(I believe Zena and Isabelle are Singapore-born and this seems to be one of the goals of STTA to expose our youngsters to international competitions. This could only augur well for the future of table-tennis in Singapore.)
loh, did u participate in that challenge?
anyway, here are some video of that badminton rally
I wish I could, but I was away during that time.
How many of them are actually S'porean BCers??..
..hmm, i wonder how many of them 600 participants are BCers??..
Singapore's New MRT Circle Line
An extract of Singapore's MRT system taken from Wikipedia:
"The Mass Rapid Transit or MRT is a rapid transit system that forms the backbone of the railway system in Singapore, spanning the entire city-state.
The initial section of the MRT, between Yio Chu Kang Station and Toa Payoh Station, opened in 1987 establishing itself as the second-oldest metro system in Southeast Asia, after Manila's LRT System.
The network has since grown rapidly as a result of Singapore's aim of developing a comprehensive rail network as the main backbone of the public transport system in Singapore with an average daily ridership of 1.564 million in FY07/08, about half of the bus network's 2.969 million in the same period
The MRT has 70 stations (1 not in operation) with 118.9 kilometres of lines and operates on standard gauge. The rail lines have been constructed by the Land Transport Authority, a department of the government of Singapore, which allocates operating concessions to the profit-based corporations SMRT Corporation and SBS Transit. These operators also run bus and taxi services, thus ensuring that there is a full integration of public transport services.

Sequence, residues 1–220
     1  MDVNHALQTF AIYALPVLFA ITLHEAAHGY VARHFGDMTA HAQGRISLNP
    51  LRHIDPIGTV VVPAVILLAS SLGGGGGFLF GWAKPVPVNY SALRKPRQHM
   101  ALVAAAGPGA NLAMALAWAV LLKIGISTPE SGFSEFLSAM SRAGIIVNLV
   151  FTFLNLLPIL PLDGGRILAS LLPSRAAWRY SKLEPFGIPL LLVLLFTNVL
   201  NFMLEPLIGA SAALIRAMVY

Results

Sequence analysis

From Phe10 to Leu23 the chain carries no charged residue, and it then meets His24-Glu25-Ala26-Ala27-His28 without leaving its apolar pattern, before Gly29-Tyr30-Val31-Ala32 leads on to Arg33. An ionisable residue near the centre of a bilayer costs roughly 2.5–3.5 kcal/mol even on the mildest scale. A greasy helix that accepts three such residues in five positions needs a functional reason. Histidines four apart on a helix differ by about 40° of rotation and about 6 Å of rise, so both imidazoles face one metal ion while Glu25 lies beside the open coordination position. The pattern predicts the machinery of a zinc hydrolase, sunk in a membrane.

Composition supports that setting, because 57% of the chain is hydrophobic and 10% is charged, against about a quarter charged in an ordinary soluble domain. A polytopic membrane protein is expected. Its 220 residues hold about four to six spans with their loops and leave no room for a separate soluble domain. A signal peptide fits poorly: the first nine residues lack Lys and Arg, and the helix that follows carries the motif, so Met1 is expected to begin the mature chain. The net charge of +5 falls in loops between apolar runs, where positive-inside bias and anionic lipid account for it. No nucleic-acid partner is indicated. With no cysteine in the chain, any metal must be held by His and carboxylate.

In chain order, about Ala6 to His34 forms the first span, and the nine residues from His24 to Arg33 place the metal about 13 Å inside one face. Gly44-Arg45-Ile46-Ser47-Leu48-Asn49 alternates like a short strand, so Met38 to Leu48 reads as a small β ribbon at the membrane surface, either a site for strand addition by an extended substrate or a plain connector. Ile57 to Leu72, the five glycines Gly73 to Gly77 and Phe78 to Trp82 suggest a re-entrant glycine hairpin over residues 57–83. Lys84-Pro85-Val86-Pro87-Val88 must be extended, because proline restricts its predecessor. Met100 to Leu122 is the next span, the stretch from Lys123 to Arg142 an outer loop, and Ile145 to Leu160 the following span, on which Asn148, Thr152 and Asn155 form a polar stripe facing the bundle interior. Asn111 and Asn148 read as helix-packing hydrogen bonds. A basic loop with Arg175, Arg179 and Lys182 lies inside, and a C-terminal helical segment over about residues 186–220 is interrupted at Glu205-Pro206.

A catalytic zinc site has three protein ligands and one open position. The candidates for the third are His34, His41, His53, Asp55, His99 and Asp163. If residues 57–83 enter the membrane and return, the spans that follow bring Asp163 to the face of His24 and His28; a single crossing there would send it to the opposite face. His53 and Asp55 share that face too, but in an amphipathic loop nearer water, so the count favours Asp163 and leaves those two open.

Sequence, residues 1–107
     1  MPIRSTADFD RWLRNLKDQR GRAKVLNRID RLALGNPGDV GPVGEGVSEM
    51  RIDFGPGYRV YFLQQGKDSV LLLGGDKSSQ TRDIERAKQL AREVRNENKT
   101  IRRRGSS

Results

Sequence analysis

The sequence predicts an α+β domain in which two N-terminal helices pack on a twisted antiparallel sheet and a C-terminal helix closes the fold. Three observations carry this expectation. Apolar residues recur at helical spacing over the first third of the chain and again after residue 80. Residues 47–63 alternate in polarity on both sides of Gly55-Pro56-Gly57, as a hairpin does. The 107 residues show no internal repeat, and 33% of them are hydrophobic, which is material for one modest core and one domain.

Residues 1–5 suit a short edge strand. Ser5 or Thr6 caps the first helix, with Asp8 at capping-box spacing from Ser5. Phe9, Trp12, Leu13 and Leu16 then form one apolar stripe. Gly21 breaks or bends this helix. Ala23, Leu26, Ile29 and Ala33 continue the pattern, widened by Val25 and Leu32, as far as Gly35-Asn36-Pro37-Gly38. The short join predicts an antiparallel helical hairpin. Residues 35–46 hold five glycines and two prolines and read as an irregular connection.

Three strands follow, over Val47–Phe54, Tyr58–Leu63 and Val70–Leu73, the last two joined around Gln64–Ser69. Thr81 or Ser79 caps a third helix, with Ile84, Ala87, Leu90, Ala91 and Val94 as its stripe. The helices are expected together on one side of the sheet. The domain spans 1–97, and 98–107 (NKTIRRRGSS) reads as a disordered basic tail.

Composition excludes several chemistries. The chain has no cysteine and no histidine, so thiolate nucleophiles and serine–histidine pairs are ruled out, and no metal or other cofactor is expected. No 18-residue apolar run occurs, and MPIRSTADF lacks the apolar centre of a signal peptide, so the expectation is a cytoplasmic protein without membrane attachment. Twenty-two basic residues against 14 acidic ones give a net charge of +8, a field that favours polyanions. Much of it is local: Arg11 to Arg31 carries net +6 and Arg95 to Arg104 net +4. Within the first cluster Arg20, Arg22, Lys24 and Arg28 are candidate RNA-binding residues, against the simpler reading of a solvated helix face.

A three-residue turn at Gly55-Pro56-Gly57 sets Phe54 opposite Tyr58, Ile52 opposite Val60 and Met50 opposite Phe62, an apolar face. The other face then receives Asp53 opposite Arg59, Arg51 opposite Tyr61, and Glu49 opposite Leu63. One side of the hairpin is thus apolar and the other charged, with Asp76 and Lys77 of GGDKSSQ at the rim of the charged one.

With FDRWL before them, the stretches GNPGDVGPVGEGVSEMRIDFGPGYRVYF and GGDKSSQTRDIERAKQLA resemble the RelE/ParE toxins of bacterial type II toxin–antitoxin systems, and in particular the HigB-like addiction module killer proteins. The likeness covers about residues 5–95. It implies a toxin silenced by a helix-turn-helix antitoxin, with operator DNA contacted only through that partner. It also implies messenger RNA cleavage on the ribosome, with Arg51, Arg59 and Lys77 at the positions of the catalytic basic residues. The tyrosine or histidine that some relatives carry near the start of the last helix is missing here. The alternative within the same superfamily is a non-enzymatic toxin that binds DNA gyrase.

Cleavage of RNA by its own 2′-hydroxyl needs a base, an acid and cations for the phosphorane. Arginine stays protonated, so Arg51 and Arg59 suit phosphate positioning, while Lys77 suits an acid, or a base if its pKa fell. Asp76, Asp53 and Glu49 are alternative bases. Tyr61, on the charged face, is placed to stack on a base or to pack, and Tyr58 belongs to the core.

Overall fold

The MRT is complemented by the regional Light Rail Transit (LRT) systems that link MRT stations with HDB public housing estates. Services operate from about 5:30 am and usually end before 1 am daily with frequencies of approximately three to eight minutes, and services extended during festive periods."
Circle Line opens 5 stations
Yesterday 5 stations of the new Circle Line (CCL), namely, Marymount, Bishan, Lorong Chuan, Serangoon and Bartley, were opened to the public for the first time. The remaining 24 stations, including the Stadium, which is located outside the Singapore Indoor Stadium, a favourite venue for the Singapore (Badminton) Open, including this year's Open, will begin operations next year.